|When it comes to planning the construction of an industrial plant, or even an additional installation within it, the most important part is often left until the last minute to devise: the electrical system. Because these details were left out until needed, the parts used to create the lines is often more expensive than they need to be, because what is used is whatever is on hand at the moment, whether it will work or not. If this stage was as well planned as the rest, perhaps it would cost less, go smoother, and be more organized, all courtesy of using a cable tray instead of costly piping to shield the wiring.|
One of the biggest advantages that using a cable tray has is that it costs a lot less than other methods of protecting wiring cables on the production floor. Some production machines are run with numerous caustic or corrosive chemicals as a byproduct. If these are allowed to leak all over the cables during operation, it will not be too long before they will need to be replaced, sending production costs up once more. Some of the tray systems currently available can easily solve this problem, by either completely shielding them, or sweeping them up and out of the way.
Because of their durability and efficient design, the wiring tray systems are simply more reliable than some of their long used counterparts, like galvanized or PVC conduit piping. Conduits are not invulnerable, and can be damaged during machine operation, just like the wiring bundles they are meant to protect. The tray systems, however, are designed to be flexible in installation, and can be placed anywhere adjacent to the machines they will serve, out of harm's way.
Because trays and their installation kits are essentially designed to create an open cable storage system, it also makes for a highly adaptable system that can easily be fit into any industrial, mechanical, and electronic design. So adaptable, in fact, that they make expanding an existing system a literal piece of cake, with every single wiring bundle organized and easily accessible. Within a few hours, it could be possible to add to or move an entire operation, from the machinery to the earthing strip.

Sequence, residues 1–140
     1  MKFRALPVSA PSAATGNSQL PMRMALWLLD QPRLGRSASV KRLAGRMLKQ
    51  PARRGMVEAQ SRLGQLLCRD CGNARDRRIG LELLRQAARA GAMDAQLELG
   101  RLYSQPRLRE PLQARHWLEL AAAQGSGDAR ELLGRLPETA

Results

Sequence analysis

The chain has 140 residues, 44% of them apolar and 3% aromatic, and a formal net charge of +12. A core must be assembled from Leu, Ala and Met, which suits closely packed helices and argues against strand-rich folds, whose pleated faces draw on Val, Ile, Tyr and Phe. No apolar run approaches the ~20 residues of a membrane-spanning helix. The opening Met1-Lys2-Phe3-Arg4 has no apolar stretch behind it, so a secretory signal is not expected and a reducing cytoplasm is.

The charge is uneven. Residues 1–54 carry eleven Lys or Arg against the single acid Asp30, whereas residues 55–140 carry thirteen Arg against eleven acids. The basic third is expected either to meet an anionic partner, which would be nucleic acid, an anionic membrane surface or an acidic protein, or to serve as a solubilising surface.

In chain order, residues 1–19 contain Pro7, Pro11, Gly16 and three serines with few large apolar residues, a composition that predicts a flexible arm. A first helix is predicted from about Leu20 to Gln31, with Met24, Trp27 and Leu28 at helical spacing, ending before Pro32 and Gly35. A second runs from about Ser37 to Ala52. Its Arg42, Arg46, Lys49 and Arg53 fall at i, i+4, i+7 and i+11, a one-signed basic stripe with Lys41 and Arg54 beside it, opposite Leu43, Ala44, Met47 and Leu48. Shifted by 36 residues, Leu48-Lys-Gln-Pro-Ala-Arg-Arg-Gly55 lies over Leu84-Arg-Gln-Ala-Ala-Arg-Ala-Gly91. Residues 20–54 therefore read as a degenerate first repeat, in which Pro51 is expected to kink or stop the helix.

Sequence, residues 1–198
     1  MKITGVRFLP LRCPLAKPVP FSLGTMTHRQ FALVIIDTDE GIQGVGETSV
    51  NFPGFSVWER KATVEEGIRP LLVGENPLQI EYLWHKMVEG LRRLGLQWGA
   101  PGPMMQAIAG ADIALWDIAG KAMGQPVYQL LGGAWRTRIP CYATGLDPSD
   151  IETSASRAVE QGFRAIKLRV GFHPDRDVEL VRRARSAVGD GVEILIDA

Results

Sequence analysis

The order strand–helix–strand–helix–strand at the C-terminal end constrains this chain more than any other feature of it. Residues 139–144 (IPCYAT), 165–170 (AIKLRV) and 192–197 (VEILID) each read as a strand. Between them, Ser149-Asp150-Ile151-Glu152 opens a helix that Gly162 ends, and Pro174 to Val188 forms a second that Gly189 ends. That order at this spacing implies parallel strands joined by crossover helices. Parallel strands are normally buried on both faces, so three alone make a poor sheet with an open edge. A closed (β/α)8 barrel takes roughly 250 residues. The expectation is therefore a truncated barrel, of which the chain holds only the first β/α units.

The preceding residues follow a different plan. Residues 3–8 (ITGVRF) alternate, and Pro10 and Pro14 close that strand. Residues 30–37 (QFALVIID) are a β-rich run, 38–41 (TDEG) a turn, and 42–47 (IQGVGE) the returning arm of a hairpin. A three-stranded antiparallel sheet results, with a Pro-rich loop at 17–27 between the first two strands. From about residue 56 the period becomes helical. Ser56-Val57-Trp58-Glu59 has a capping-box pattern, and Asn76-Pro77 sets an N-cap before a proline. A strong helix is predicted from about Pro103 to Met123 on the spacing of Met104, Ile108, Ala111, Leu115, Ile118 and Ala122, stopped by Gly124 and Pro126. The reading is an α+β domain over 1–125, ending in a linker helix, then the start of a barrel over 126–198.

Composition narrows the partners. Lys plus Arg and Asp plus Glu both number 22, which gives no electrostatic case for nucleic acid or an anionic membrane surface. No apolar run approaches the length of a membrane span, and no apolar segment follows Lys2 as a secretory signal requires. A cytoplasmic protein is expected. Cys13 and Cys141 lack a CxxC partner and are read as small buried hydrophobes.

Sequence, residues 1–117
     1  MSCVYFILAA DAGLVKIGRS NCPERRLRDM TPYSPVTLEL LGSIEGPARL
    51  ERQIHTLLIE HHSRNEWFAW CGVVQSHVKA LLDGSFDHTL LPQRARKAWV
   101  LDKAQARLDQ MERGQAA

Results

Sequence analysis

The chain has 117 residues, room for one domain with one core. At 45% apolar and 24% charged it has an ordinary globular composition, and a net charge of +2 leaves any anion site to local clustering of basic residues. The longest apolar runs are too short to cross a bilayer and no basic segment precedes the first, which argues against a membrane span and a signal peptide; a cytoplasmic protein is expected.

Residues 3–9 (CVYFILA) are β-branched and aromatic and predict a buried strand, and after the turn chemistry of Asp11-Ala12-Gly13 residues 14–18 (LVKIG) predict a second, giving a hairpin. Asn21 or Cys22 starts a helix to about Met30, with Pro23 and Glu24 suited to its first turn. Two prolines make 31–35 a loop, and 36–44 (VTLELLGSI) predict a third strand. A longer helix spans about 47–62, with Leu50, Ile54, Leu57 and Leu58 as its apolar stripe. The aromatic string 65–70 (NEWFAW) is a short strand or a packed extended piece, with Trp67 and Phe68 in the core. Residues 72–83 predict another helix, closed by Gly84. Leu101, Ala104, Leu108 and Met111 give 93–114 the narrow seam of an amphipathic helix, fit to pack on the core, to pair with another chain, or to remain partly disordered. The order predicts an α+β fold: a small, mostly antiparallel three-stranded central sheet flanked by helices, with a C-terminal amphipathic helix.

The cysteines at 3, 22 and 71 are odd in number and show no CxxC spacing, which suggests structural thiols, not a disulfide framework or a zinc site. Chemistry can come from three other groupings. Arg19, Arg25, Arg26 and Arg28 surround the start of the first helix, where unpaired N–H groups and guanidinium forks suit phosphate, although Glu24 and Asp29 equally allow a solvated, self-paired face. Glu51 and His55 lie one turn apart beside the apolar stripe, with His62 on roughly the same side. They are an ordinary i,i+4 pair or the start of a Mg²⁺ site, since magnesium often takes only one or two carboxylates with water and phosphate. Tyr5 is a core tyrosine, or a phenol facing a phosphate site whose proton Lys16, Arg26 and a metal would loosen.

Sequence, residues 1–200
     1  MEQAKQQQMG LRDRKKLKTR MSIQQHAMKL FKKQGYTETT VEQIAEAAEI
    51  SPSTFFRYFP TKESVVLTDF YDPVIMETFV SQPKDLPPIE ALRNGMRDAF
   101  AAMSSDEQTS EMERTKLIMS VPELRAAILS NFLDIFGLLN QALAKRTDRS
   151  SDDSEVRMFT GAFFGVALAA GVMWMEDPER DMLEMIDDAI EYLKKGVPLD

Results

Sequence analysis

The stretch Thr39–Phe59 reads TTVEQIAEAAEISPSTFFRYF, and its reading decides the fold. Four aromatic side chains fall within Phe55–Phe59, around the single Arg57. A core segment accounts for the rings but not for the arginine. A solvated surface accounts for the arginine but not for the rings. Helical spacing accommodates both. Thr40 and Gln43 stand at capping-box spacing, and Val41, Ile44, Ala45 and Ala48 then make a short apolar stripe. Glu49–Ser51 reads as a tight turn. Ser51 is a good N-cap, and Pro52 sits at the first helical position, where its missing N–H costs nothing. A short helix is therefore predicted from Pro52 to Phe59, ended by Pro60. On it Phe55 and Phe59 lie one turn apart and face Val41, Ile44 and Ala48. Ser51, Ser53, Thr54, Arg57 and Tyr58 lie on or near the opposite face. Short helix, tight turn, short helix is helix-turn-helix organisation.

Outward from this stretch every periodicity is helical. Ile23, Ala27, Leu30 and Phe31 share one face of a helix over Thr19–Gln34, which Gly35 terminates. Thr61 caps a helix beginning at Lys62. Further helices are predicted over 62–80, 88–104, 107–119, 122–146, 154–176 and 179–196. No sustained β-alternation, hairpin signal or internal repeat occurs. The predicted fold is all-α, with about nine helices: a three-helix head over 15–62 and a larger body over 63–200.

With a system so efficient and easy to use as the trays, it is no wonder that maintenance is also made easier by its use. The biggest draw for converting from a conduit system to one made up of trays is that all cables protected in this fashion will be instantly visible for maintenance checks. Instead of having to dismantle a series of pipes, all that is needed is to look, pick up, and replace.
A tray system is also less vulnerable to being a channel of hazardous byproducts. PVC conduits can build up moisture, over time, and channel it throughout, from the earthing strip to the production line connection. Conduit pipes also channel heat from an external fire directly into the insulation on the cables it protects. In comparison, yards of cable destroyed inside closed pipes, versus a few feet leading to an easily accessible tray.